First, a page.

Rob Jano
BEc, BCom, CPA, MBA (Exec)

“Is Your Vision Clear?”

In business or government how often have we heard the words, “Let the CEO worry about the vision!” or “Managers manage.  Execs do the fluffy stuff!”
These statements, and others like them, can be thrown straight back at the managers touting them.  Vision setting is something every people leader can and should be practicing, from team leader right through to CEO. 
What is this ethereal thing called “vision”?  Unfortunately the term has attracted some negativism, being tarred as fluffy consultant speak, at best suitable to transformational leaders on a mission to change organisational culture.  This is indeed true and if such leaders don’t possess a vision for the organisations they lead then they are lacking.  But let’s take it further and let’s get back to basics.  Vision is an image of a desirable future that is articulated to and understood by, the larger part of any team.  It tells people where you want to take them and gives them direction.  It tells them why.  It tells them what they will gain, both personally and as a team, if they join you on that journey.  Importantly, it inspires them.
So why then is vision limited to only the loftiest of management heights?  The point is, it isn’t.  Aside from my academic views, as a business leader the most success I have had with my teams is when I have taken the time and shown the interest to give them the leadership they deserve.   That starts with setting a vision that they can relate to both as people and as employees. That is, it has relevance – it is created with reference to the environment, the people and the challenges currently faced or the wonderful opportunities out there just waiting to be taken.  You build it and fashion it with care and deep understanding.
Vision setting is personal and it must be genuine.  It is also a process that, when based on analysis of facts and combined with a true (not fake) passion for your people and for the organisation, can achieve amazing motivational and transformational results.  At the risk of seeming prescriptive consider these hints when setting a vision:

  1. Don’t rush in – if taking over a new leadership role first collect data, meet with staff, ask questions, study operational and financial trends.  Build an informed (not biased) picture of the “now” so that you can assess the gaps with the “desired” future.  Acknowledge the good, respect the past, but identify what your platform for the future is.  If you already lead the team, this part of the process may be faster and data may already be on hand.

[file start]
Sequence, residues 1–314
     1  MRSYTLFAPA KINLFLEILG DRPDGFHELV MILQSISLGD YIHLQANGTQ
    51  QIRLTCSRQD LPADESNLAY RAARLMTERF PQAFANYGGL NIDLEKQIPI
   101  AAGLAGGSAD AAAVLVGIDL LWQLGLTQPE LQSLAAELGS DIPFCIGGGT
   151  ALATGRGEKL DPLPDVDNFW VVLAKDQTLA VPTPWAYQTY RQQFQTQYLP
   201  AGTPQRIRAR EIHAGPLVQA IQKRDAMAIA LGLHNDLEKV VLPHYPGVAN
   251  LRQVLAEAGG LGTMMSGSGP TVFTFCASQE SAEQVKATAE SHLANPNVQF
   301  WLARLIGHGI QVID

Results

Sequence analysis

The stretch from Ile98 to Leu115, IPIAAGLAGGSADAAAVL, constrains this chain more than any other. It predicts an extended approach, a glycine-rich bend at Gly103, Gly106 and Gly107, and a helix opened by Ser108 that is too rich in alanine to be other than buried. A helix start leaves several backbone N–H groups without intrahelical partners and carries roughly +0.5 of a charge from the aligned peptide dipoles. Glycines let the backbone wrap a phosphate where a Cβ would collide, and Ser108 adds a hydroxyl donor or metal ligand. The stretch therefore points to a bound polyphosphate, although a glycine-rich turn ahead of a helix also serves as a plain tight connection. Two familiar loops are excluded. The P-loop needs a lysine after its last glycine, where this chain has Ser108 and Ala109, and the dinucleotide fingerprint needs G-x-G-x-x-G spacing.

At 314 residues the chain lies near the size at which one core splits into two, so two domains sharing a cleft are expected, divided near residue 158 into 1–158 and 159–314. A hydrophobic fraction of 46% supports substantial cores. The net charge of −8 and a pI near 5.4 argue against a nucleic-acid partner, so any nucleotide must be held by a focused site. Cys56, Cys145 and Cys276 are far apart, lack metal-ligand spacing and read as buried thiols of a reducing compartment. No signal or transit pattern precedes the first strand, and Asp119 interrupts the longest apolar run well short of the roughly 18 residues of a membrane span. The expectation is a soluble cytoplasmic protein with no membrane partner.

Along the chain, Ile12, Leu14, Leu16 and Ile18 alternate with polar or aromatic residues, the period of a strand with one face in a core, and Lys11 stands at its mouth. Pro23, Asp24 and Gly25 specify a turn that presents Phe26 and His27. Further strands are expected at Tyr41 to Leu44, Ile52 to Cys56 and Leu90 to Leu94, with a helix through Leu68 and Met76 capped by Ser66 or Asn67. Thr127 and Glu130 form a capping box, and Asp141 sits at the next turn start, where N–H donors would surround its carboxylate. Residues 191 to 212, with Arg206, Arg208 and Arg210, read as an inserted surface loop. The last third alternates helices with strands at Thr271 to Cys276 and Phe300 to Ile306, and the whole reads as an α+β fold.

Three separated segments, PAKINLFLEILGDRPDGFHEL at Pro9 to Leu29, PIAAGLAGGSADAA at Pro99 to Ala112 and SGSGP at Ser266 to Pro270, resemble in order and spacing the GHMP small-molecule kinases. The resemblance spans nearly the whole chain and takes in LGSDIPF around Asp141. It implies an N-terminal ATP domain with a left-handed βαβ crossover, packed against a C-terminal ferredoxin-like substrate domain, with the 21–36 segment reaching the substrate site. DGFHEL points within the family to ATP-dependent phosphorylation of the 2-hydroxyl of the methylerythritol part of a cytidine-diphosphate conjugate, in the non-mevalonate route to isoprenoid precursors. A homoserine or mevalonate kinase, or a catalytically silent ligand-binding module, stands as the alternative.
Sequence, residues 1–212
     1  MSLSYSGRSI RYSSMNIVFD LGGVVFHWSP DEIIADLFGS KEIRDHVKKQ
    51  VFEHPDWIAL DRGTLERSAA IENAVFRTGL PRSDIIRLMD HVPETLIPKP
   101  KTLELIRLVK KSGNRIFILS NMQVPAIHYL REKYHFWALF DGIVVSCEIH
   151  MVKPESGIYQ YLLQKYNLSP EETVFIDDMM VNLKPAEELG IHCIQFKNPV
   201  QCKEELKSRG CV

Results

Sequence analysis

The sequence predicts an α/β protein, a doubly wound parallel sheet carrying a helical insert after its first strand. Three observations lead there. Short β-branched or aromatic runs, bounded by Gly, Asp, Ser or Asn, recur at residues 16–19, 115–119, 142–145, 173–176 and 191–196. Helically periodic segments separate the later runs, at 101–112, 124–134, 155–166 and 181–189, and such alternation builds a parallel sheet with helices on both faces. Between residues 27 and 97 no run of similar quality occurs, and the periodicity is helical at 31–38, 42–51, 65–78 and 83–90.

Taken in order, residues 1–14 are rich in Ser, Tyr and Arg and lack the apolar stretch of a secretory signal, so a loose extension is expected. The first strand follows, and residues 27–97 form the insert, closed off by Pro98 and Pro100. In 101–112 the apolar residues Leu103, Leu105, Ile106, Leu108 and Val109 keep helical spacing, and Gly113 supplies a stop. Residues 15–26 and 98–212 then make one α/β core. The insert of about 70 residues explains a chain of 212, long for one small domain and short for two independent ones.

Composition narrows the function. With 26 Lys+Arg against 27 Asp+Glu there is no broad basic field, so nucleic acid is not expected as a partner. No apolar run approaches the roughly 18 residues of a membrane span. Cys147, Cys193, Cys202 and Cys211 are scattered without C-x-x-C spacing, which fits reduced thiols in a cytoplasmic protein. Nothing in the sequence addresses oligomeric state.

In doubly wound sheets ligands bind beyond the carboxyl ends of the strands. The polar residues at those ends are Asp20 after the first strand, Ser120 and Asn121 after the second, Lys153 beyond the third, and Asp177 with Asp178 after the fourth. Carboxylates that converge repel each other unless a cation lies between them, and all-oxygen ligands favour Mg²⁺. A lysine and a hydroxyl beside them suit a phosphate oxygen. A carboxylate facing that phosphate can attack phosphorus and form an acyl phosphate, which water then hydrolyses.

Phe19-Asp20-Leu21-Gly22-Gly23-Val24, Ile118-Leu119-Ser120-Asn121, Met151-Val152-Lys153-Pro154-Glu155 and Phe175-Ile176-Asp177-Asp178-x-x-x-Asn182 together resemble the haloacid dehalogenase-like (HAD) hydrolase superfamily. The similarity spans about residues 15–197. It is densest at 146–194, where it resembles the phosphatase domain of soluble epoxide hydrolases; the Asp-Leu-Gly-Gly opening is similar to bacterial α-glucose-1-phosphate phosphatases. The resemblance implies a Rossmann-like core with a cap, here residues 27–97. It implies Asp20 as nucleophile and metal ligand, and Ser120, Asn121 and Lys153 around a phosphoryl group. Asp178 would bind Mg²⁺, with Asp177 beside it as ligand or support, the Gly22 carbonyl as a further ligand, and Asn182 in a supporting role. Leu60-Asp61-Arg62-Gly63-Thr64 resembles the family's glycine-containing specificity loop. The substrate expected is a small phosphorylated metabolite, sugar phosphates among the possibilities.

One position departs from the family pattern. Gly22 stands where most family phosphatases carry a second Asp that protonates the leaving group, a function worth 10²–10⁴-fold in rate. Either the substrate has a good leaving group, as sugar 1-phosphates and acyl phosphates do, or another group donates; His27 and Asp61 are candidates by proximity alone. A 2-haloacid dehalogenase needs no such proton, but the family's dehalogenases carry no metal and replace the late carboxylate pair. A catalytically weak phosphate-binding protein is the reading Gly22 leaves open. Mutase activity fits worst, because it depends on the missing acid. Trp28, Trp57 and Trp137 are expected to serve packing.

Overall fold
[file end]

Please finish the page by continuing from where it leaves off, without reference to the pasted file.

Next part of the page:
2. Start the communication – even before formalising a vision, you will start to know where you are headed.  Your people will sense, by the conversations you are having and by the questions you are asking, that change is in the air.  They will start to get a sense of what your values and areas of focus are.  Frame these common threads throughout your verbal and written communications.
  3. Share your findings – don’t hide the good, the bad and the ugly from your team.  Share it and by doing so build trust.  Ask people’s views on data, either individually or as groups.  Do it verbally or in writing.  Help them help you fashion the picture.  This not only creates a much richer learning for you, but it paves the way for deeper commitment to any change that accompanies the vision.
  4. Send early signals of cultural change – even before articulating your vision, you will have sensed who or what is not working well.  Make appropriate early changes that are obvious and send a clear message of the way you operate, your values and behavioural expectations.  Such signals vary from team to team – but you’ll know what they are.  Be brave and back your decisions with rational explanation.
  5. Set the vision – gather your team, or if geographically spread use technology, and articulate your vision.  But it is not just a sentence you read or have memorised.  It comes from the heart.  It’s the genuine result of your recent learning and listening.  It’s a future that you truly believe in and are passionate about.  Vision is half intellectual and half passion.  What I mean by this is visions which do not take facts into consideration become the fluffy ethereal things that I challenged earlier.  On the flip side, vision that is pure statement of fact and data, without revealing some of your heart and your passion, will almost always fail to inspire. 

A final point of contention - should vision-setting be a team-based activity?  Should you focus-group the setting of your team’s visions?  My view - consult your team in building your picture and respect the valuable insights they can share, but ultimately people want their leader to lead.  Leaders set vision not focus groups.